Digital literacies, or capabilities, has received much attention in the last few years in education. A number of digital capability frameworks and definitions exist (Beetham, McGill, & LittleJohn, 2009; Buckingham, 2010; Sharpe & Beetham, 2010). Few studies have contextualised these generic capabilities to explore how the curriculum is bridging the digital skill development of higher education students on way to becoming professionals of their discipline (Anagnostopoulou, 2013; OCSLD, 2013). The study explores how digital capabilities are conceptualised in the curriculum in particular disciplinary contexts using case study methodology. Undergraduate modules from different disciplines comprise units of analysis for a multiple-case study, drawing on a range of rich data, including academic, employer/professional, student perspectives and documentary sources. Biggs’ constructive alignment is used as theoretical framework to analyse how digital capabilities are conceptualised in each case. A unique feature of the study is to connect the perspectives of both the formal curriculum (staff and students) and that of professionals already practising in the discipline. Findings will feed into educational design principles of curricula and contribute a theoretical understanding of digital capabilities from a disciplinary lens.
The session will report on preliminary findings of this study based on interviews with staff. The session will of interest to those who are involved in curriculum design or digital capabilities or skill development.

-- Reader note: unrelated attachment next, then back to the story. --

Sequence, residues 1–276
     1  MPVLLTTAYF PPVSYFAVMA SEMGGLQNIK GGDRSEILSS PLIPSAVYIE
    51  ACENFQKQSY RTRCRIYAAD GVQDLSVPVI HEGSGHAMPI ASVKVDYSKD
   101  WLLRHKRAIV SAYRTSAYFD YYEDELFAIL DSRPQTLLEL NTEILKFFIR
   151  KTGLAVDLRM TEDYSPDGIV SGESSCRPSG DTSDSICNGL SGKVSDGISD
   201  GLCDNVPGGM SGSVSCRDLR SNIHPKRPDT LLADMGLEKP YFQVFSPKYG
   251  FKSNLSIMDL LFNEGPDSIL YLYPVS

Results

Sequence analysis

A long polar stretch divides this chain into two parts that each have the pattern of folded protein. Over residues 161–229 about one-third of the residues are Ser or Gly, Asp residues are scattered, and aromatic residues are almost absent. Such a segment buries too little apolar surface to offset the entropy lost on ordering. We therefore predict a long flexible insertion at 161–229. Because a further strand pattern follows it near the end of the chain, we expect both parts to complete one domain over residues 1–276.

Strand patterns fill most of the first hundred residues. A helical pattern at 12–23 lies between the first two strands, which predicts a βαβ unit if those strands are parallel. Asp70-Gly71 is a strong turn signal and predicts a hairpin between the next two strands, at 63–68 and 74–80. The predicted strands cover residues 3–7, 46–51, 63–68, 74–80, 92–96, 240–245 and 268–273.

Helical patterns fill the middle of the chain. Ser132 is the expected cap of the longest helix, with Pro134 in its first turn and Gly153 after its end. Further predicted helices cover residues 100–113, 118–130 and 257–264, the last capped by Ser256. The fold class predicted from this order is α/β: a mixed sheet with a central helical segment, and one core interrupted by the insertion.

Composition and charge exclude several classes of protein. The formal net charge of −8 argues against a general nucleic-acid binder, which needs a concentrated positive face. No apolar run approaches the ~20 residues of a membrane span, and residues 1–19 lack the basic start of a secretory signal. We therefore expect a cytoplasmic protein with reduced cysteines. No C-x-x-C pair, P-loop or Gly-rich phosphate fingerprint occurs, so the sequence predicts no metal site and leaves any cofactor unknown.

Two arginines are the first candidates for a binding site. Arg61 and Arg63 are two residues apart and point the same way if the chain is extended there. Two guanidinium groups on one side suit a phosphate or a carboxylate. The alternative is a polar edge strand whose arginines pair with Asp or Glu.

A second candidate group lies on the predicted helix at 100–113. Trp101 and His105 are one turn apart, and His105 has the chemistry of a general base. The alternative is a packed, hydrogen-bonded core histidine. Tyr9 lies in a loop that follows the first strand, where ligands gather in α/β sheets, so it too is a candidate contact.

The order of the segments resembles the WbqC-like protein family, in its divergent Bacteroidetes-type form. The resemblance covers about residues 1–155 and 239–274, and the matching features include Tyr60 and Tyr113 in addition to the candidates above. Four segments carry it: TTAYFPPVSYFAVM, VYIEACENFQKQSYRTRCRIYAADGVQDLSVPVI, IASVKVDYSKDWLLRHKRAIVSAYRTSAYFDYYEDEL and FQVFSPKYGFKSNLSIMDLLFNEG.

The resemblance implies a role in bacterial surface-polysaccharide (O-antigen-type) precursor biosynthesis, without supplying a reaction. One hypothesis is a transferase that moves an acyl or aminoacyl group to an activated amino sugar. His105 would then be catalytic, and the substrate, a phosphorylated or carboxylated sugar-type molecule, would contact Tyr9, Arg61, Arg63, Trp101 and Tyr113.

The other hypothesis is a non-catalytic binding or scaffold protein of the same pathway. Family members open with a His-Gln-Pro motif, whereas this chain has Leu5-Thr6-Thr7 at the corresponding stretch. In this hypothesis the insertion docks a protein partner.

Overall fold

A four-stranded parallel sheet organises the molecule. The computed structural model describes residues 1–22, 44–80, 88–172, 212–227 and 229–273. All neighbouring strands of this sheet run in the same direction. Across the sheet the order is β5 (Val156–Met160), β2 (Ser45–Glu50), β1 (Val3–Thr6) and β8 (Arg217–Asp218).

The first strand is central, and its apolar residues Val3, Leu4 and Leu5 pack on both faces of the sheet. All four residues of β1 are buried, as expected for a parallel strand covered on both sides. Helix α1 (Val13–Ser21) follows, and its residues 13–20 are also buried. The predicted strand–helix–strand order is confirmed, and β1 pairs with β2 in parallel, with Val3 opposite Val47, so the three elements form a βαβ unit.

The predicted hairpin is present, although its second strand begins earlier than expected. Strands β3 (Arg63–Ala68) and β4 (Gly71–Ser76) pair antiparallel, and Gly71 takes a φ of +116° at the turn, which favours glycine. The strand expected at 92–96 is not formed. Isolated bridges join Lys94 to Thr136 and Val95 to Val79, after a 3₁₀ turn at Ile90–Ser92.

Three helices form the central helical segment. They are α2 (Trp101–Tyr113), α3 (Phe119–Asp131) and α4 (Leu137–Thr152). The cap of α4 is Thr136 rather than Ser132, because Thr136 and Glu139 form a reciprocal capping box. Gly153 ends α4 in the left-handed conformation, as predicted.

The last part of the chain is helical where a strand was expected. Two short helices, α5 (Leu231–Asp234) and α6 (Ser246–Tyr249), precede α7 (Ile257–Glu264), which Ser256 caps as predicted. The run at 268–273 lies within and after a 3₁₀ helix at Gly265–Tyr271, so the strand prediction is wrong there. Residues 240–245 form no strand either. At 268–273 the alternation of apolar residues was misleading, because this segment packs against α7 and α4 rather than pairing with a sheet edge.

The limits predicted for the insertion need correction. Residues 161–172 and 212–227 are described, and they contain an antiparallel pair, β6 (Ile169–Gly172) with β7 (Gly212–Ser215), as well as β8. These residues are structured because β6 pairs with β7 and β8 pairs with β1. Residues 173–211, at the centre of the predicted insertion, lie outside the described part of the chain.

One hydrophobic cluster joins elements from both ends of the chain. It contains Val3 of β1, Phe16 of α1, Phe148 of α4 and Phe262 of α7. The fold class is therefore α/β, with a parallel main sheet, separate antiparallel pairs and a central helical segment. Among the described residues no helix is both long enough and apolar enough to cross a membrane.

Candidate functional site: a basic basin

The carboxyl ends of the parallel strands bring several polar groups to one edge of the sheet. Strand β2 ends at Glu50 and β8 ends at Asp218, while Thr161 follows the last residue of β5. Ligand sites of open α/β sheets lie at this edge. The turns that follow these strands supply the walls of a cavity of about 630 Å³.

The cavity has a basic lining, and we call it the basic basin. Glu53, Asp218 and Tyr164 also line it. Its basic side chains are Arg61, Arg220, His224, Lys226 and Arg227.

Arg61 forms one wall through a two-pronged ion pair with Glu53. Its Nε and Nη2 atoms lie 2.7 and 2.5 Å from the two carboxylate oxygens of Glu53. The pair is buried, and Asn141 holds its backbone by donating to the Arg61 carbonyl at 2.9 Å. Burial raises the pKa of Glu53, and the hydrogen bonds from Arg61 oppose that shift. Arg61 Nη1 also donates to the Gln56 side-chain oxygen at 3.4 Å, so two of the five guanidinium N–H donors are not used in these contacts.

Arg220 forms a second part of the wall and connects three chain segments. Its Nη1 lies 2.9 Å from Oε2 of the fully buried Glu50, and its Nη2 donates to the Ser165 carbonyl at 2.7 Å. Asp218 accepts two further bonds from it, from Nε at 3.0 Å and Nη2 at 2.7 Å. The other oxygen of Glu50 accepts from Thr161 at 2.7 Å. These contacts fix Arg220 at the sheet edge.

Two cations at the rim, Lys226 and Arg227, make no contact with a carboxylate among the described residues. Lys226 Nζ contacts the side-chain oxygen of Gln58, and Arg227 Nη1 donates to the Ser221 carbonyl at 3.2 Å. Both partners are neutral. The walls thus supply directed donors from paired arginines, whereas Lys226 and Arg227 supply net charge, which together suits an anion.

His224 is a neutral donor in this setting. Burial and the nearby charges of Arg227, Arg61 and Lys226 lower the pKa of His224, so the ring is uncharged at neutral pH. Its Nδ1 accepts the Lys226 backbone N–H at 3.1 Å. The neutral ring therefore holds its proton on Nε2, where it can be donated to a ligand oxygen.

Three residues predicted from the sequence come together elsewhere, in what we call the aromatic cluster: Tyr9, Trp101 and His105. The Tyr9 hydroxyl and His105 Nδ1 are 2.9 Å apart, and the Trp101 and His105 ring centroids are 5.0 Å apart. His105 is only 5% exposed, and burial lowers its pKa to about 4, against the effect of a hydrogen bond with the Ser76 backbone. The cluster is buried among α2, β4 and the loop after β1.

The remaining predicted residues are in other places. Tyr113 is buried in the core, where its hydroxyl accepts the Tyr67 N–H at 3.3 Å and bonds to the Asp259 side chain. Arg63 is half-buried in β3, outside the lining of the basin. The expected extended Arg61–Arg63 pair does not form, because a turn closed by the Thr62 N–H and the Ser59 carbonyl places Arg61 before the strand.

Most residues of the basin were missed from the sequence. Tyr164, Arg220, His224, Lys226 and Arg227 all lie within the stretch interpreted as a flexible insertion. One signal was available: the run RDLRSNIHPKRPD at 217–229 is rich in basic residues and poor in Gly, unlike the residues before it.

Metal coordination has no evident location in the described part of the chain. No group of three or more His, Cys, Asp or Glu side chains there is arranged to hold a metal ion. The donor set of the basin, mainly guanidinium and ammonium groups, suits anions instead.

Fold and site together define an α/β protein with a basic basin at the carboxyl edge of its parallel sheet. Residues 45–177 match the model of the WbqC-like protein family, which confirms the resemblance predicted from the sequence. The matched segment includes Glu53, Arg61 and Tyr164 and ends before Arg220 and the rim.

Anagnostopoulou, K. (2013). Professionalism in Digital Education (PriDE) final project report. University of Bath/JISC.
Beetham, H., McGill, Lou, & Littlejohn, A. (2009). Thriving in the 21st century: Learning Literacies for the Digital Age (LLiDA project). Retrieved from http://www.caledonianacademy.net/spaces/LLiDA/uploads/Main/LLiDAreportJune09.pdf
Buckingham, D. (2010). Defining Digital Literacy. In B. Bachmair (Ed.), Medienbildung in neuen Kulturräumen (pp. 59–71). Wiesbaden: VS Verlag für Sozialwissenschaften.
Sharpe, R., & Beetham, H. (2010). Chapter 6: Understanding students’ uses of technology for learning: towards creative appropriation. In R. Sharpe, H. Beetham, & S. de Freitas (Eds.), Rethinking learning for a digital age: how learners are shaping their own experiences (pp. 85–99). New York: Routledge.
OCSLD. (2013). Digital Literacy in the Disciplines table. Oxford Brookes University.
Keywords: curriculum design, digital capabilities, skills, disciplines